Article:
Head of Badenoch & Clark
In 2005, Professor Lynda Gratton took her son to East Africa to stay in a Maasai village. She hoped to educate her son about a different way of life, one that was different from modern Europe. The perception of a unspoiled life was shattered.
On the second day, the Maasai guide walked with them into the surrounding countryside. Then something happened. From his belt pocket, the warrior took out a ringing mobile phone.
Lynda Gratton wrote an iconic book in 2011 called "The Shift", where she made predictions about the future world of work. These seemed almost like science fiction at the time, but they are now extremely relevant today.
The book focused on a future where decentralized working became the norm. She described a deeply fragmented and isolated life for some highly skilled workers. Yet for others, the experience would lead to immense co-creation and collaboration in a vastly more dynamic and productive work environment.
Putting theory to the test
Nine years later and Lynda Gratton's theories feel like they have become reality. Just like the discovery that a Maasai warrior has a mobile phone, our perception of the world and work has been shattered forever.
The coronavirus pandemic has impacted our lives in unimaginable ways. We are now strongly considering a world, where work will become decentralized to some extent. Prior to the coronavirus pandemic, such a scenario was almost unthinkable.
Yet, it has unleashed a complex set of problems and issues that need to be addressed. At the heart lies a possible polarise workforce. There are concerns that some employees feel they are more productive at home. By contrast, others would prefer to work in the office. However, research reveals that skilled workers would prefer neither scenario.
What do workers actually want?
Working 100% in an office or working from home permanently, represents two polar extremes. According to survey data, most skilled workers would like a mix of the two.
Last month, CRM software providerSalesforce conducted a global survey to gain a pulse check on how workers viewed the prospect of returning to work. They found that 64% of workers still wanted to spend some time working in an office, as opposed to working entirely remotely.
More remarkably, 52% of workers stated that they were comfortable sharing personal information like health data to keep the workplace safe. And, 70% of urban workers still preferred to work in cities, rather than in the suburbs.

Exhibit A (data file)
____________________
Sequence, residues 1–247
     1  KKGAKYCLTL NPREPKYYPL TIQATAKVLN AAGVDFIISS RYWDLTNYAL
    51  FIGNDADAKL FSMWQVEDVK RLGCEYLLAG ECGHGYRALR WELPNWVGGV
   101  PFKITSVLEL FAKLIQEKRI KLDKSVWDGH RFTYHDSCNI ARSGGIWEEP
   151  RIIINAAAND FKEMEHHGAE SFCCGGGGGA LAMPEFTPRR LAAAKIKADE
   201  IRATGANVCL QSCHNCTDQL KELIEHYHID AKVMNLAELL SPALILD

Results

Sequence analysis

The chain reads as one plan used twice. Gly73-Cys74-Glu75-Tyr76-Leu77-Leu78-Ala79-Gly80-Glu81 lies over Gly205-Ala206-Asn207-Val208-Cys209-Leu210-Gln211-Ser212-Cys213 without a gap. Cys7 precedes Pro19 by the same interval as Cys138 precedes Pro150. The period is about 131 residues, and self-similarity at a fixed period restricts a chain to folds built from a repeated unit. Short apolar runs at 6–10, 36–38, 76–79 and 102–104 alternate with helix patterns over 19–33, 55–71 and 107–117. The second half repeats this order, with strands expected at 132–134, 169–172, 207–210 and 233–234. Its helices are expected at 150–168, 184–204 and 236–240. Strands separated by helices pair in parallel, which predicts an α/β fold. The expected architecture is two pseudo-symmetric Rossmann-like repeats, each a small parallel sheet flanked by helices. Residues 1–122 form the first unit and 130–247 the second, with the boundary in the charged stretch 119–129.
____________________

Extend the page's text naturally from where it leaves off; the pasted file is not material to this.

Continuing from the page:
Although working from home offers a great deal of freedom, personal contact with colleagues is still missed.
But re-opening an office is not so easy
Regardless of how employees feel, catering to their needs is not so simple. Companies face many new challenges with reopening offices.
There are now so many considerations that never existed before. There is, for instance, enhanced cleaning, employee health monitoring, redesigning workplaces, contact tracing, and many other factors. It's an operational and logistical headache for many medium and large-size firms.
Subsequently, a variety of choices have been made. In some instances, companies have been rotating staff: half the staff work in the office and the other half remotely, which is then rotated the following week. Other companies meanwhile don’t expect any of their staff to return until the New Year. Meanwhile, a few companies have even mandated that working from home could become permanent for some staff.
It’s all about economics
In the end, however, the decision that companies make might be based more on what makes financial sense, rather than on what employees want. It’s clear that in a post-coronavirus world, running an office will be considerably more expensive than before, due to the new safety measures required.
The cost per desk will have increased considerably. Consequently, working from home might even become mandatory for some workers, regardless of whether they want it or not.
As the global economy enters a recession, cutting costs will be vital for some companies to survive. Getting rid of desk space is one solution. We might, therefore, need to embrace working from home whether we like it or not.